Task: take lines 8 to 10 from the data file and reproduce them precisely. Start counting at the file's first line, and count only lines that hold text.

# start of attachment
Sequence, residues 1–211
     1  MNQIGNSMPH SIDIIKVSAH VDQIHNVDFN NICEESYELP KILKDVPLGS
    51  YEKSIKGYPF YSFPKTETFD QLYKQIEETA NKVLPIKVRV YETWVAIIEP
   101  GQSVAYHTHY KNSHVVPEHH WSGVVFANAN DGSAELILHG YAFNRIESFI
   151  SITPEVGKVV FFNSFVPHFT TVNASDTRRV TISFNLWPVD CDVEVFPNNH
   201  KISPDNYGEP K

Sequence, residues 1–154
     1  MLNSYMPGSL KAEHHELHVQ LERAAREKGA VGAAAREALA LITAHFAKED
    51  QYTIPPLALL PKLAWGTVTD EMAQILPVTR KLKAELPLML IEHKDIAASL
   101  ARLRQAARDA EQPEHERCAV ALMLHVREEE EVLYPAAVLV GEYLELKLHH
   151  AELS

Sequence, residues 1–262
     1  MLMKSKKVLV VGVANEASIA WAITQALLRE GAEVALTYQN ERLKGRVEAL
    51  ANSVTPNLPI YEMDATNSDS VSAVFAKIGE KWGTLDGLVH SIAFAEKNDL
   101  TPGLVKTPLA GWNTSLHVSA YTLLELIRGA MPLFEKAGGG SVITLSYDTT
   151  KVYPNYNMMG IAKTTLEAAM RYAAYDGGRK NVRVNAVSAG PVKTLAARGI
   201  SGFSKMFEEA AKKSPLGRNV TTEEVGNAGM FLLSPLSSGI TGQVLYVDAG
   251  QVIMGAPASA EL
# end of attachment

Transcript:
     1  MLNSYMPGSL KAEHHELHVQ LERAAREKGA VGAAAREALA LITAHFAKED
    51  QYTIPPLALL PKLAWGTVTD EMAQILPVTR KLKAELPLML IEHKDIAASL
   101  ARLRQAARDA EQPEHERCAV ALMLHVREEE EVLYPAAVLV GEYLELKLHH